With OCR, the processing of unstructured medical documents, from clinical trial reports, test results, medical history to prescription slips and receipts, will be transformed. The technology scans mountains of forms to pick up meaningful insights and store them in centralized digital databases within institutions. Below is an illustration of the steps in the process of using machine learning-based OCR to extract data to create a personal health record.
The unification of medical data is beneficial to the diagnosis and treatment of diseases, the storage, and usage of drugs and equipment, as well as serving as a meaningful reference for designing healthcare policy and legislation. A research paper pointed out that an OCR system could “read” scanned pathology reports with a character accuracy of up to 99.12% and word accuracy of 98.95%. The system’s output was beneficial to the automatic classification of these reports into notifiable groups.
OCR in Retail
On a daily basis, people working in the retail industry need to handle paper-based documents that are overdue, overpaid, fraudulent, wrongly calculated, or contain printing and typing errors. However, OCR can complete this task at a higher speed with greater accuracy, whether the texts are unstructured or structured, printed or handwritten. Bills of lading, invoices, purchase orders, etc., will be translated into digital datasets to facilitate a streamlined retail service.
For instance, a retailer can integrate OCR into their mobile application. Barcodes and invoices are scanned easily to carry out purchases and, thus, create a convenient and effective self-shopping experience, whether at a physical store or in the form of a curbside pickup service.
OCR in Finance
When integrated into accounting software, OCR recognizes and extracts data from invoices before placing them in suitable categories of an organization’s database. First, this feature frees financial experts and accountants from mundane work and shifts their focus to tasks of high priority, such as in-depth audits. Consequently, it will boost productivity and reduce human error. For instance, an OCR-powered platform is reported to be capable of processing more than 50,000 driver licenses per month with an accuracy of 95%.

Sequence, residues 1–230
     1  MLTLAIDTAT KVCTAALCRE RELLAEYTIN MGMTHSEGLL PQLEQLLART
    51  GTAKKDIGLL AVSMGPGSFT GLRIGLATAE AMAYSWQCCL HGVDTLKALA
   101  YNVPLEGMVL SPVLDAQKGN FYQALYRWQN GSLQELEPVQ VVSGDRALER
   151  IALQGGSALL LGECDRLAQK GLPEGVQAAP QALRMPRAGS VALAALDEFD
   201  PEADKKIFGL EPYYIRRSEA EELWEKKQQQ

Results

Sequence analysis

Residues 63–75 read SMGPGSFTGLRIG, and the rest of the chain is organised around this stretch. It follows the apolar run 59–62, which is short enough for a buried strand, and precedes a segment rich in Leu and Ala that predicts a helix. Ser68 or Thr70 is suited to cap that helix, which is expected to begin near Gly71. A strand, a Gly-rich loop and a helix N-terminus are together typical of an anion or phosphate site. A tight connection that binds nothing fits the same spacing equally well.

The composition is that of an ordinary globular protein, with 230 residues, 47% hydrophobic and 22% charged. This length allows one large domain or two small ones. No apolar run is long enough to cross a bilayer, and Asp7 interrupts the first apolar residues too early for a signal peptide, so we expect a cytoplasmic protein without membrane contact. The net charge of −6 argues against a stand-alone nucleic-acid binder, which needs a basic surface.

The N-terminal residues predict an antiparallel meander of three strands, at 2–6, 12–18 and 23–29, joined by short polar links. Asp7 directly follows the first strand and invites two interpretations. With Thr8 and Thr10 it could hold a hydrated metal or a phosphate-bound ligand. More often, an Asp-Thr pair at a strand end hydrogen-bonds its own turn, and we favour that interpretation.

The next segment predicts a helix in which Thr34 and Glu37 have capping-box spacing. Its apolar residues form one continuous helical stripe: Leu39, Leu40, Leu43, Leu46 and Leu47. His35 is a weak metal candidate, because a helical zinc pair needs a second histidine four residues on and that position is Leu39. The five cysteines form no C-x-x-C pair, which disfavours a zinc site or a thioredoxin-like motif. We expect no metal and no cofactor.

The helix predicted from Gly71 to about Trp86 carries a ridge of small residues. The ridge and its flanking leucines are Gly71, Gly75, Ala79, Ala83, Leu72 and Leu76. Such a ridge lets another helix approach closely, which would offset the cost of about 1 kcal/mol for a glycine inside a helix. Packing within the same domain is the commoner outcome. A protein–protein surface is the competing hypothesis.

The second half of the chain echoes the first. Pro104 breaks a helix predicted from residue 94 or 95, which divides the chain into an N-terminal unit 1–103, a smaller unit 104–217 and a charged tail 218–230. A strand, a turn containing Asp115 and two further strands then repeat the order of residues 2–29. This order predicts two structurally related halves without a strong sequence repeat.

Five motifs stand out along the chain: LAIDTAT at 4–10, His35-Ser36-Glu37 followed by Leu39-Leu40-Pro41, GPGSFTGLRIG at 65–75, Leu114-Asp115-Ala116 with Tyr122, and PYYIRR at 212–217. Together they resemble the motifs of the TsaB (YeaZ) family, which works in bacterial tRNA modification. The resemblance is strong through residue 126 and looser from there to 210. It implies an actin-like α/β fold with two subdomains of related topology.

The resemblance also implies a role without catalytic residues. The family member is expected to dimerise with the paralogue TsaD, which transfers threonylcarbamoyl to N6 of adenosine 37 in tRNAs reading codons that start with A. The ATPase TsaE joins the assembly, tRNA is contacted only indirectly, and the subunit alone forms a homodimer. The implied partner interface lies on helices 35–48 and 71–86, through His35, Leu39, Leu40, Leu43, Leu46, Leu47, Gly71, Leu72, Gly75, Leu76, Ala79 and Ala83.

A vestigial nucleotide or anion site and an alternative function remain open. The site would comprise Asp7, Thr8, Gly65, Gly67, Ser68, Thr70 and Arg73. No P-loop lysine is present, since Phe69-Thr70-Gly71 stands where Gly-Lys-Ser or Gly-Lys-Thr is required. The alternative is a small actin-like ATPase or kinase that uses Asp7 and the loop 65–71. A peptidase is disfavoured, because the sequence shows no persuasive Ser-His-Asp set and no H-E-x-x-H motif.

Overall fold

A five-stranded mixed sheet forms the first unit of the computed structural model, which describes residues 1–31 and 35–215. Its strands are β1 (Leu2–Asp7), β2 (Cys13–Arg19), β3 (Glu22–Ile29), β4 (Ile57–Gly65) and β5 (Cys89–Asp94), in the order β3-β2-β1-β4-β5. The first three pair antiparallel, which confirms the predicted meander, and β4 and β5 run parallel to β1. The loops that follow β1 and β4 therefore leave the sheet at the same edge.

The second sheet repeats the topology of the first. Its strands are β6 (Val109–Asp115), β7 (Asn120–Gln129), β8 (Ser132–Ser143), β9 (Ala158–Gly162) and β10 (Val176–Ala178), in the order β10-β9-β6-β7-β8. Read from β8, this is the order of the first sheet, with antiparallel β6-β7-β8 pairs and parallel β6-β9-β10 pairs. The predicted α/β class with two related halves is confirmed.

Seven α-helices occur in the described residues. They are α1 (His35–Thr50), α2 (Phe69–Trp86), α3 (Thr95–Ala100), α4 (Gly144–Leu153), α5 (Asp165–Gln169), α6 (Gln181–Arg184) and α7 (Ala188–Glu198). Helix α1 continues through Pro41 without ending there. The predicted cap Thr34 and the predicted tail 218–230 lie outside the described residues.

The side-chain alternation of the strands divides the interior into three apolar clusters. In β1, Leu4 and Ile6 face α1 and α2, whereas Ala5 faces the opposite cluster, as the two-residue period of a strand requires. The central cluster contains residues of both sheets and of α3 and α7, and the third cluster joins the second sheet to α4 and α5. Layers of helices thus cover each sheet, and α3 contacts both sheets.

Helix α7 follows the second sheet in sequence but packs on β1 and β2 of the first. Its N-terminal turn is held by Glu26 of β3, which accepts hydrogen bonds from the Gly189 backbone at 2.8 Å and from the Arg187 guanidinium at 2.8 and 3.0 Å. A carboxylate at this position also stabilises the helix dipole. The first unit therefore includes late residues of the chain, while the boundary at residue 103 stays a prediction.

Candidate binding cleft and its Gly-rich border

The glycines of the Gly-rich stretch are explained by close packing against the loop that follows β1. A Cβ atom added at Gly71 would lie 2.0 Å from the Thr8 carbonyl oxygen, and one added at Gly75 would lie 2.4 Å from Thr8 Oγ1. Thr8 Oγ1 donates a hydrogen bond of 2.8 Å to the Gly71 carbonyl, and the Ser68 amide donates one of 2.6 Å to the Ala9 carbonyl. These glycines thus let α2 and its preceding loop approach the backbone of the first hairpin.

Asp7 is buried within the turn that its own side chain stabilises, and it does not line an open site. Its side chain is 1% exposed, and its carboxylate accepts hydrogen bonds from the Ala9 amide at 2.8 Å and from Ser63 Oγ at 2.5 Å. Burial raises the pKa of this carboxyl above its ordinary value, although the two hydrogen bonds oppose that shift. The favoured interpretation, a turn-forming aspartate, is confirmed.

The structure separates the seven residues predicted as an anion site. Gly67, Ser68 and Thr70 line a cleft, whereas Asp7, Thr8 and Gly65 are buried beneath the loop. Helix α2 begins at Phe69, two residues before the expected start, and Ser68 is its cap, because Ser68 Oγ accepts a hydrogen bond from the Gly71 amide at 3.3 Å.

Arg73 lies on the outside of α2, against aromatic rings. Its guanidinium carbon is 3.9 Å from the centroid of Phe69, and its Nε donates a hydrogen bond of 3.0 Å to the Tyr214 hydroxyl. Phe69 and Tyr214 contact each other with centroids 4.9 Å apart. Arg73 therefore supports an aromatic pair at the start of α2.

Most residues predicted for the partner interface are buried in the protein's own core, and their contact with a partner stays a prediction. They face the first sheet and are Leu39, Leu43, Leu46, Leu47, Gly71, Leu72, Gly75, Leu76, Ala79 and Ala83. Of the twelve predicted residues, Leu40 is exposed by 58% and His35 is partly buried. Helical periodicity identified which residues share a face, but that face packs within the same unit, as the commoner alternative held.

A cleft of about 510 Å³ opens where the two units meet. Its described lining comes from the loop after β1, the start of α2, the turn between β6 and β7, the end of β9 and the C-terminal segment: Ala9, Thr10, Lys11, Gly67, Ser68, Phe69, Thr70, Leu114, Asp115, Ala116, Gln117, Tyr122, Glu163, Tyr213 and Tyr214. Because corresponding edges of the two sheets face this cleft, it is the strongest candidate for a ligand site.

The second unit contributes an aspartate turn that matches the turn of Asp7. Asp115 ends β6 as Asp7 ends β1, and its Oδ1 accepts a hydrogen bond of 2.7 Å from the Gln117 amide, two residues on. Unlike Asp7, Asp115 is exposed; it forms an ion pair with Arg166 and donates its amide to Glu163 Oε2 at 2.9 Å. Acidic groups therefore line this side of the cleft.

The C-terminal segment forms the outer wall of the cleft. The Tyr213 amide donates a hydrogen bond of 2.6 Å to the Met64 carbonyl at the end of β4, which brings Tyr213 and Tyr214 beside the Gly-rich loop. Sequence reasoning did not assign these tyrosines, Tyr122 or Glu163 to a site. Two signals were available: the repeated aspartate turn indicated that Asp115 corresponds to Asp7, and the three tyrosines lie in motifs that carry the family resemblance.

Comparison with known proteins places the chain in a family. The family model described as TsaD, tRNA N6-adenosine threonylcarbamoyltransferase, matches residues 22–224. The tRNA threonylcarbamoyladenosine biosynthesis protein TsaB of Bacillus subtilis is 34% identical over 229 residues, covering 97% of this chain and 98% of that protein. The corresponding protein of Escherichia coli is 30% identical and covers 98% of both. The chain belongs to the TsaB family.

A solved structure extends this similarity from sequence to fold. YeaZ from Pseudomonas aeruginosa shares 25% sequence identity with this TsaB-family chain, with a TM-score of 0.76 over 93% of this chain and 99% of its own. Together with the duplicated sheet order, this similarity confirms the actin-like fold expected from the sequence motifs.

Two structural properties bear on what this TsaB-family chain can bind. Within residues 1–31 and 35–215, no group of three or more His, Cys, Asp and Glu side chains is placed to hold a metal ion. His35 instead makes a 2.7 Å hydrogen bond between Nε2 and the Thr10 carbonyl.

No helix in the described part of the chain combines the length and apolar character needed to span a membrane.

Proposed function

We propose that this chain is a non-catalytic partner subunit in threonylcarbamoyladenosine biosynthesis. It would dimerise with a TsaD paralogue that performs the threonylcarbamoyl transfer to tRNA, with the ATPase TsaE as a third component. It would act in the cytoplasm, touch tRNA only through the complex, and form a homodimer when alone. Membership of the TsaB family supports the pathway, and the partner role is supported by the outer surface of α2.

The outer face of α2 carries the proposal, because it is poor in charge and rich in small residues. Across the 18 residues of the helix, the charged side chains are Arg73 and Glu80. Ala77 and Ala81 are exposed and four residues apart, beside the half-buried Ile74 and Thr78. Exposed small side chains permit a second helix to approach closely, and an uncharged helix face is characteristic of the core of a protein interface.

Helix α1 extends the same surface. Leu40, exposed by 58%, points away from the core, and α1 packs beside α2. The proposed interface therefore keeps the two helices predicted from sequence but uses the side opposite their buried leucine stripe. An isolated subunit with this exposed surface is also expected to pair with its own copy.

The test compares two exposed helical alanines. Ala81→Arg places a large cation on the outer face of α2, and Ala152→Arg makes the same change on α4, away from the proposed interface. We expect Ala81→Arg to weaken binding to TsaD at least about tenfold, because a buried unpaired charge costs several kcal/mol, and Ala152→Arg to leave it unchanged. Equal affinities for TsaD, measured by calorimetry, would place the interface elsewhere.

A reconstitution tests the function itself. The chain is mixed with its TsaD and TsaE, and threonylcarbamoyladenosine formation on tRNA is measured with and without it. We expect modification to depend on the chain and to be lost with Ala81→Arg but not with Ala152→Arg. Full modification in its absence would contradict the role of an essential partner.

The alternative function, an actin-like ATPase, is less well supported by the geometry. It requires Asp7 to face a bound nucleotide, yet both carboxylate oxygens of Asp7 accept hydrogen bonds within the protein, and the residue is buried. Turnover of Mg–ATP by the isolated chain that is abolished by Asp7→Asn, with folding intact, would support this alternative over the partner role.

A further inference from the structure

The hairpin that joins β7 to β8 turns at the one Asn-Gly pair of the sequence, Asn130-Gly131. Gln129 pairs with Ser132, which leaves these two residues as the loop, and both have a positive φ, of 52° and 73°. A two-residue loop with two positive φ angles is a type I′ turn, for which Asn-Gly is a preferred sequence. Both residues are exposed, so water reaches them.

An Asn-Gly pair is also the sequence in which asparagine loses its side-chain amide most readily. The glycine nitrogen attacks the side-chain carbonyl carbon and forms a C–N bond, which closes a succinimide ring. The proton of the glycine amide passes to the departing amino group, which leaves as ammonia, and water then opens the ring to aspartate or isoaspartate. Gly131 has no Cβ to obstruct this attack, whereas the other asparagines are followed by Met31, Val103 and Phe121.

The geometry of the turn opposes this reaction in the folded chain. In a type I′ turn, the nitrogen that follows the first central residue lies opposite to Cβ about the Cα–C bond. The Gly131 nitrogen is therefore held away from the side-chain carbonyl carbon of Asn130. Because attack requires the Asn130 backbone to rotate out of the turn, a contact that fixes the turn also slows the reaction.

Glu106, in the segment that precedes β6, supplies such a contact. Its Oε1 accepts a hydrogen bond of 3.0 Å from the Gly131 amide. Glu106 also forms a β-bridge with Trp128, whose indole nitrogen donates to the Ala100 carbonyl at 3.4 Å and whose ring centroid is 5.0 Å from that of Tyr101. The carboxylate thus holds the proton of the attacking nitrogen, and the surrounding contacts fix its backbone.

Second, OCR can help businesses enhance their financial management. OCR-generated information can be used for further analytics to spot overpricing, underpricing, or overpayment.
Additionally, with OCR, information will be quickly transferred to cloud storage, allowing greater collaboration and accessibility for human staff, especially those who need to work remotely.
OCR in Legal procedures
Procedures in the legal industry are usually paper-intensive with stringent regulatory requirements. An OCR-powered scanning software addresses this challenge by creating a paperless environment, where data is kept systematically in digital spaces instead of physical storage rooms. Thus, the technology will increase the accessibility and searchability of legal documents, which are critical features for attorneys, lawyers, and judges in their work.
For instance, when the legal notes of a certain case need to be retrieved, they can be easily found by typing certain keywords into a search tool. This is clearly much more convenient than manually browsing and reading through files folders or scanned images.
OCR supports a state-of-the-art solution to capturing values and insights from printed and handwritten materials. As a result, humans are no longer bound to paper-based, non-editable documents, while companies save costs and maximize efficiency. Therefore, effectively utilizing and aligning OCR with their goals will constitute a business’s long-term success.
Hai-Anh majored in International Communications. She has been evolving in the technology industry by working as a tech writer for GEM. She’s tech-savvy and always eager to explore more opportunities.